Netflix is Making Us Hate Movies

netflix movies

This week on Now Conspiring (that other movie podcast), we discuss the various news of the week, ranging from new movie announcements and some later developments on films we’re anticipating.

We also debate the future of streaming, led by Netflix and Amazon — begging the question, Will movies change forever because of how we watch them? 

QUESTION OF THE WEEK: We have two! First, what is your favorite manga and/or anime (we all share ours). Second, do you think streaming sites like Netflix are killing movie theater experiences, or will change them?

Go on…Netflix is Making Us Hate Movies

Why Hollywood Needs to Stop Making These Movies

Image Courtesy of

You’ve probably noticed a recent trend in recent years when it comes to Hollywood’s big “gambles.” It’s hard to pinpoint the originator of the films I’m getting at, so let’s start somewhere meager: Alice in Wonderland (2010).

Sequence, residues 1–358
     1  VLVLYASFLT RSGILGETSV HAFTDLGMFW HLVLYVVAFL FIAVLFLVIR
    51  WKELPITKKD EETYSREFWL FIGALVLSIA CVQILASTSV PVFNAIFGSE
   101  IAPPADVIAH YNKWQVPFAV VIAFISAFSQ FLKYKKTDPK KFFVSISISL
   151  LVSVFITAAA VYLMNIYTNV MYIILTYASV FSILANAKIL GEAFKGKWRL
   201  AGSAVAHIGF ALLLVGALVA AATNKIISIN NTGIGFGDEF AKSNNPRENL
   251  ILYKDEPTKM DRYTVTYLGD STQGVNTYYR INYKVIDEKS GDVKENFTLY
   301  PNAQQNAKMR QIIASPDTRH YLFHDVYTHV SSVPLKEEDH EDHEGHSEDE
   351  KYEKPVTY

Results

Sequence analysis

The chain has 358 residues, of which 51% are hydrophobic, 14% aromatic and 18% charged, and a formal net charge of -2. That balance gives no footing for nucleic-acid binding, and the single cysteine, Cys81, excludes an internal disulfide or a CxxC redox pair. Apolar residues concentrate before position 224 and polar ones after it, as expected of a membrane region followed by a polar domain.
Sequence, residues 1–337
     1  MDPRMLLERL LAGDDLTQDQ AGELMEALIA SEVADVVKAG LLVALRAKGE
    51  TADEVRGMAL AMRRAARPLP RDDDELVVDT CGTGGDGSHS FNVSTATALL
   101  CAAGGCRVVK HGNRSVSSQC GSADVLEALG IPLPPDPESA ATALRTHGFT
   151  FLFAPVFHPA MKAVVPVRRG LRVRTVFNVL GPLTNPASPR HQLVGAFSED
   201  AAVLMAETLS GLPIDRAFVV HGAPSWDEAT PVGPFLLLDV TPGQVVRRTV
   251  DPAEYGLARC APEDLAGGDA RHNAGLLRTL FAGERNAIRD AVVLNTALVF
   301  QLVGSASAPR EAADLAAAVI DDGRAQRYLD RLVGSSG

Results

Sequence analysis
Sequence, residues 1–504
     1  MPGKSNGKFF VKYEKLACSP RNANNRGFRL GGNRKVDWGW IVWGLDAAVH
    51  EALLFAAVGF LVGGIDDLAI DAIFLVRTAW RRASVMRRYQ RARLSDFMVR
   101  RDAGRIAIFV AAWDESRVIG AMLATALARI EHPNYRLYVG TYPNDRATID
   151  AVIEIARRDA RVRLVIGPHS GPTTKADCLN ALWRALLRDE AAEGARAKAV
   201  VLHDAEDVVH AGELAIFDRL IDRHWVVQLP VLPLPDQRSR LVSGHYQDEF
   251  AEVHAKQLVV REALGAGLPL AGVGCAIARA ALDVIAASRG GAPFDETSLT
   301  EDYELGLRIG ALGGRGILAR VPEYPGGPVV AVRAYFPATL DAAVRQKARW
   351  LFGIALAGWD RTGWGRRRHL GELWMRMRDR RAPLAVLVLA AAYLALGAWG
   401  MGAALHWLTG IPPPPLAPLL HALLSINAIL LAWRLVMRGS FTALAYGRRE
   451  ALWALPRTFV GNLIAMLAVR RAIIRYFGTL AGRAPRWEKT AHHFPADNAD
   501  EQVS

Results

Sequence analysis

This movie cost $200 million to make and grossed over $330 million, which is definitely not bad for a Disney movie. Sure, the movie had a lot going for it like Johnny Depp and Tim Burton driving the marketing, but I can get behind the producers who have since looked at this model for reigniting old franchises and mythology to new audiences.

Two Snow White movies, a revival of John Carter, and Hansel and Gretel’s latest witch hunting later, we have Jack the Giant Slayer, debuting at an abysmal $28 million this past weekend. That may not sound bad to some, but if you follow what these “kids” movies are expected to gross to meet production budget, then you’ll see that this is a huge misstep for New Line and Warner Bros, who made the film.

Image Courtesy of